Microsoft Unlikely to Boost Rates on Skype's Premium Service

Microsoft Unlikely to Boost Rates on Skype's Premium Service
Microsoft Unlikely to Boost Rates on Skype's Premium Service

Users of Internet phone service Skype's premium VoIP service are unlikely see a rate hike in the wake Microsoft's (MSFT) $8.5 billion acquisition of the company, despite the software giant's desire to leverage its latest investment, say industry analysts. That said, Skype customers still may want to shop around for a better deal.

Skype, with its relatively inexpensive video chat and Internet phone service, faces stiff competition when it comes to the quality of phone calls and reliability, according to a Consumer Reports survey. In addition, there's uncertainty about how Microsoft will treat Skype's current customer base, analysts note.

"I doubt they'll make it more expensive to use, given only about 6% to 7% of their customers are willing to pay for it," says Irene Berlinsky, a senior research analyst with IDC. "It's not in Microsoft's best interest to make people pay more, especially since there are other cheaper calling methods."

However, Berlinsky noted, Skype's customers may be turned off if Microsoft begins to gather more information about them than they originally authorized, or if they feel their privacy is being impinged upon. It wouldn't be the first time Microsoft has been stung by such issues. Back in 2002, for example, Microsoft settled with the Federal Trade Commission over charges that it allegedly gave consumers a false sense of security in the way it handled their personal information when they used the software giant's Passport web services.

Microsoft plans to integrate Skype into its Windows smartphones, Xbox video game consoles, and email programs, and potentially other software programs, Berlinsky says.

Skype's the Biggest in VoIP, but Not the Best

Skype, which is by far the largest Internet phone service provider in the U.S., had 663 million registered users worldwide as of the end of the December quarter.

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Of those, there were 145 million average monthly connected users, 6% of whom represented Skype's average monthly paid subscribers, according to its filing with the Securities and Exchange Commission.

"Consumers can save a lot of money with Skype. It can make a significant difference on long-distance bills and overseas calls," says Stephan Beckert, vice president with telecommunications research company TeleGeography. He noted Skype's strength is in its ability to host PC-to-PC calls with greater clarity than even traditional landlines.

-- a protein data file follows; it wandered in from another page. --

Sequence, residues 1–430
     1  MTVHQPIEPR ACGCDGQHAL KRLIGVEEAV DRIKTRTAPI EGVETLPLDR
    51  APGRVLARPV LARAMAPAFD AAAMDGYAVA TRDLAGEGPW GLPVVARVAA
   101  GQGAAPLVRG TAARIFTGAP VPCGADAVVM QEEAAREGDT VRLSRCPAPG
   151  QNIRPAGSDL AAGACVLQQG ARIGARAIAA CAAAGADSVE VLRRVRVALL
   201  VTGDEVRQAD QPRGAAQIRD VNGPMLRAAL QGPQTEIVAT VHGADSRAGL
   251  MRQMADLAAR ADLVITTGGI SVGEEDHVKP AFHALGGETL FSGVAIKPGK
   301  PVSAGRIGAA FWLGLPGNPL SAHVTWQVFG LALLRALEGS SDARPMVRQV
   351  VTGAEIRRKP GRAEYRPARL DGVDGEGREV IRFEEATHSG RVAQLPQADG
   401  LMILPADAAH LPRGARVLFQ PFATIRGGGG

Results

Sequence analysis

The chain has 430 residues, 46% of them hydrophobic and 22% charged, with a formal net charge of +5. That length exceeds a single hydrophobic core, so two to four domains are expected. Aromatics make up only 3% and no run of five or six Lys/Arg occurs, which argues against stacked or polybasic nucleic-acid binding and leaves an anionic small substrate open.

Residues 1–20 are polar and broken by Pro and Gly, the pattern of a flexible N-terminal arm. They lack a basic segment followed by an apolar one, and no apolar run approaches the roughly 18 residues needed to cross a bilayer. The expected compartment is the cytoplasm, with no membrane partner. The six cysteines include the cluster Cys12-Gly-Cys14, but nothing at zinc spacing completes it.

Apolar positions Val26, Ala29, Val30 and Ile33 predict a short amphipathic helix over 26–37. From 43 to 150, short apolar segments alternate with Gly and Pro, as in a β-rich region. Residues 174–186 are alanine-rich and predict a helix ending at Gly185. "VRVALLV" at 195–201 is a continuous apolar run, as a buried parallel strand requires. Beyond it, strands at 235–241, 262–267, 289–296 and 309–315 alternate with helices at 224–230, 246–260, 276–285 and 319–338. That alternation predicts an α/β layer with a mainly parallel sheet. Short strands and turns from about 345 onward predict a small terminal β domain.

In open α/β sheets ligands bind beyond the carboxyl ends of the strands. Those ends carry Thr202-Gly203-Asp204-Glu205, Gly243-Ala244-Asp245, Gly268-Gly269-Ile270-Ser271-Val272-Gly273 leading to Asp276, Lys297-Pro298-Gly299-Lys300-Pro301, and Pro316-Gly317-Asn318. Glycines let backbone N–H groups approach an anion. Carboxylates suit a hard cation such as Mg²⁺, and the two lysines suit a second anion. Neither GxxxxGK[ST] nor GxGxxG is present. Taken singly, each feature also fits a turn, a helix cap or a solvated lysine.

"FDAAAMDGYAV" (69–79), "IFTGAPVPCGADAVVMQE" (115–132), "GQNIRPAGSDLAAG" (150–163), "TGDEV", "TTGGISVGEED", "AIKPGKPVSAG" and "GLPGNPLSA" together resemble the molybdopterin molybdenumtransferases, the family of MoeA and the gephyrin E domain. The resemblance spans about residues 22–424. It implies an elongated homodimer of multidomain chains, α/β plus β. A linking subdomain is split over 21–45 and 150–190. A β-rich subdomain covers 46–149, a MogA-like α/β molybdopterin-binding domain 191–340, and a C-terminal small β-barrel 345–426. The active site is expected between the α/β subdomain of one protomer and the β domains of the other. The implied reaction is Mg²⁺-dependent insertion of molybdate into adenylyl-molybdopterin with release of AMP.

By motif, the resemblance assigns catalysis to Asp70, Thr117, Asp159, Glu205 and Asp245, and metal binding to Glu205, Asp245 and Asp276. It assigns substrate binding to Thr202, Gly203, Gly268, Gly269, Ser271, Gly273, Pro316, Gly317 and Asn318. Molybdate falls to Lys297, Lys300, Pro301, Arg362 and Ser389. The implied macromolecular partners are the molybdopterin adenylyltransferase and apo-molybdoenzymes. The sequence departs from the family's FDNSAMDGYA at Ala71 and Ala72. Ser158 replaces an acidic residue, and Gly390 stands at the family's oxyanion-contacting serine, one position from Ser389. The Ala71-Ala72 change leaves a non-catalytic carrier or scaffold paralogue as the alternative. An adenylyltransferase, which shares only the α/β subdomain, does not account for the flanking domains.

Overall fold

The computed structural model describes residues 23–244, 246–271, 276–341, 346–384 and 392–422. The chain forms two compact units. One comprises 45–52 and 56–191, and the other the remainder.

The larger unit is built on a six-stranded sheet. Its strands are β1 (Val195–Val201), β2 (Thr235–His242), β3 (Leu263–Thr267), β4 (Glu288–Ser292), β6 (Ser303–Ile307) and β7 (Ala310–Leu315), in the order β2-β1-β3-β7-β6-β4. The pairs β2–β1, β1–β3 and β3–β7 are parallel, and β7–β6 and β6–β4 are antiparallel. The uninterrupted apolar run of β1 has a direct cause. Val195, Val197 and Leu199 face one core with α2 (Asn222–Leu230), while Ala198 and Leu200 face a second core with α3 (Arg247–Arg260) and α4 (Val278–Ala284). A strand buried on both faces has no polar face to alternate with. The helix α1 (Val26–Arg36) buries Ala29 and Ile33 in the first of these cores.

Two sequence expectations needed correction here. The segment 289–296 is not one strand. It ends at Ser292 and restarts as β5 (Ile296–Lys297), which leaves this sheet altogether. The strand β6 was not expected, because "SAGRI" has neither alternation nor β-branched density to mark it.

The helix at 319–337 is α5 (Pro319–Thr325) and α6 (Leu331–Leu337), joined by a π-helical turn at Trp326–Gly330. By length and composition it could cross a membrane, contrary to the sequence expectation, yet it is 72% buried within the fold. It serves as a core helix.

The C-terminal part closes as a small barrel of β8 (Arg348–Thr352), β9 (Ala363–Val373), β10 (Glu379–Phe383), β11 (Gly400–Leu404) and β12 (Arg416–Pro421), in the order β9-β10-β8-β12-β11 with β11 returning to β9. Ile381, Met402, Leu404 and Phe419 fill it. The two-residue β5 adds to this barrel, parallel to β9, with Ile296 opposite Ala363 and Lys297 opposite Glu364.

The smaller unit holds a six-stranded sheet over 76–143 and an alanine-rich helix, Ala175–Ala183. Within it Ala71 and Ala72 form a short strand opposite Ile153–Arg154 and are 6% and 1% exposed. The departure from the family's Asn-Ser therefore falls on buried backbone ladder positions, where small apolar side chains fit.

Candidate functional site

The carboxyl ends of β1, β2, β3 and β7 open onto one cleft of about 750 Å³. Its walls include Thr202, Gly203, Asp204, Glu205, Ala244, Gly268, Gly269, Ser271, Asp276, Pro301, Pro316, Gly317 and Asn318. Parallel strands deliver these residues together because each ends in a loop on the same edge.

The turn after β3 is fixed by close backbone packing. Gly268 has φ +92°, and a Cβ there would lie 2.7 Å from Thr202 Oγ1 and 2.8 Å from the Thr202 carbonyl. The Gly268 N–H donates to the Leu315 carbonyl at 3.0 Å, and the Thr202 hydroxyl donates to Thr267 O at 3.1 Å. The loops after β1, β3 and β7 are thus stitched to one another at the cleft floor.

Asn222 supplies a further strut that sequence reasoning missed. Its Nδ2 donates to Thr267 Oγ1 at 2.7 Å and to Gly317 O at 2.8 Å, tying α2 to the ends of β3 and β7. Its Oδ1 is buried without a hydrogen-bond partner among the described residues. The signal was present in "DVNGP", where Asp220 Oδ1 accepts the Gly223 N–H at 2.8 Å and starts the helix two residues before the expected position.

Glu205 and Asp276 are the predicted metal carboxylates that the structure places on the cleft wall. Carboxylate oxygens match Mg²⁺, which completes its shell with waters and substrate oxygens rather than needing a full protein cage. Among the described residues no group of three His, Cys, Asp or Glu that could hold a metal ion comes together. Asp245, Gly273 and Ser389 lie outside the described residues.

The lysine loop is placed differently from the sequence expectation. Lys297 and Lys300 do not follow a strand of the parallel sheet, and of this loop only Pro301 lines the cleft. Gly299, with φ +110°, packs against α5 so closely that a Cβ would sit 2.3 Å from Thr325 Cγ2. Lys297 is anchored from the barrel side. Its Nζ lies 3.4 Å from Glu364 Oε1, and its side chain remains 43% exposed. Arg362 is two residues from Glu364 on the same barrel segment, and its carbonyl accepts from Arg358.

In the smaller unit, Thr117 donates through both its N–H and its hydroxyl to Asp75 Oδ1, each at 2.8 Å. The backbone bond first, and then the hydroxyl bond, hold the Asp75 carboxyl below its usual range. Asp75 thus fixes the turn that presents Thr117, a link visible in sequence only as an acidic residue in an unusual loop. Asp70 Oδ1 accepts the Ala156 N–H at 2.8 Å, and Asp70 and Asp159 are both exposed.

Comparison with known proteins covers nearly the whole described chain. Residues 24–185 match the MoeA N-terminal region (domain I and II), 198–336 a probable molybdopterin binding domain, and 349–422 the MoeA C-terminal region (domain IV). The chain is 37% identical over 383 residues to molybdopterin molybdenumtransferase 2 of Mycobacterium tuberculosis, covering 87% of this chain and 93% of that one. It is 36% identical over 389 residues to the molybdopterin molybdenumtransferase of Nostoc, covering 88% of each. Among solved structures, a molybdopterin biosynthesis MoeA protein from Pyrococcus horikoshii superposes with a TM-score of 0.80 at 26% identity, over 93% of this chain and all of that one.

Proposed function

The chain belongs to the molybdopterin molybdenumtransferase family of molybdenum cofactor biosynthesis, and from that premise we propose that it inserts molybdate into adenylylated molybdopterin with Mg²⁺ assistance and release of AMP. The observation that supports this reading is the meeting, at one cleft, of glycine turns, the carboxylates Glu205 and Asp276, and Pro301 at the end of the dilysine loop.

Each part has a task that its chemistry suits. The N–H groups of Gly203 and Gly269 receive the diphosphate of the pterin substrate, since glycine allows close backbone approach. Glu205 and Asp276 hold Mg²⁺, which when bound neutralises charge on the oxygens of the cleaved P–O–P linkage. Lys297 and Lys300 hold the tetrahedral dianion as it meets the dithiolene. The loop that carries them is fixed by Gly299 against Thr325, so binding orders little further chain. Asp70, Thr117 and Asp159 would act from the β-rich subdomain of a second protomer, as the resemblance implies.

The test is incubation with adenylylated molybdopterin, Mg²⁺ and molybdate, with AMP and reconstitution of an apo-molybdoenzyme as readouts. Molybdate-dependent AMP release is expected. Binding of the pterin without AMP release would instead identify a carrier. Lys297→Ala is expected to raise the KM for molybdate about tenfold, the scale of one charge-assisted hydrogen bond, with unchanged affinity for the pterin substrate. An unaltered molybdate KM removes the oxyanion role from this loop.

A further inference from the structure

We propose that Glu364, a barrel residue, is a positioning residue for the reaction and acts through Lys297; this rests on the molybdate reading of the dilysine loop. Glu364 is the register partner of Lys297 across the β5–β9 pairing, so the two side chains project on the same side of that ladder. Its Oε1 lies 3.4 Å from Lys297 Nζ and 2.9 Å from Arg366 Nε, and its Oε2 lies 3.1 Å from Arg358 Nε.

But others have less-than-favorable assessments of Skype's overall clarity when it comes to calls from computers to traditional landline phones or mobile phones.

In a Consumer Reports reader satisfaction survey, the magazine sized up Skype and competitors Vonage Holdings (VG),OOMA and magicJack:

  • Call Quality: OOMA and Vonage rated as average compared to other VoIP and traditional landline companies. Skype and magicJack, however, scored well below average.

  • Reliability: Again, OOMA and Vonage rated as average compared to other VoIP and traditional phone companies, while Skype and magicJack scored well below average.

  • Value: OOMA, Skype, Vonage, and magicJack all scored among the highest for nationally available phone services, compared with other phone service providers.

"Skype's low price has been its main attraction for people," says Paul Reynolds, Consumer Reports electronics editor. "Skype could raise its price after the merger, but we're also starting to see a lot of low-priced [VoIP] services out there, if not virtually free. I would imagine that Microsoft is looking at that too."

Skype charges 2.3 cents per minute for calls made to traditional landline phones or mobile phones in 30 countries, or it offers monthly subscriptions of $7.99 for calls to North America and Canada or $13.99 for North America and 40 countries. Although it lists the service as unlimited, there are certain minute and call restrictions before a higher rate kicks in.

Vonage, which only offers a monthly subscription option, charges a three-month introductory rate of $14.99 a month for calls to the U.S. and Canada, and has a similar plan that includes calls to 60 countries. Both the domestic and international calling plans also carry some use restrictions for their "unlimited" plans.

Despite Skype's low fees, OOMA ranked the highest in the Consumer Reports survey of nationally available phone services. The telephony device costs $249.99, after which users largely pay only the taxes and related fees for their calls. OOMA, however, also has restrictions on the minutes allowed, mostly intended, according to the company, to keep businesses from using its unlimited service at the household rate.

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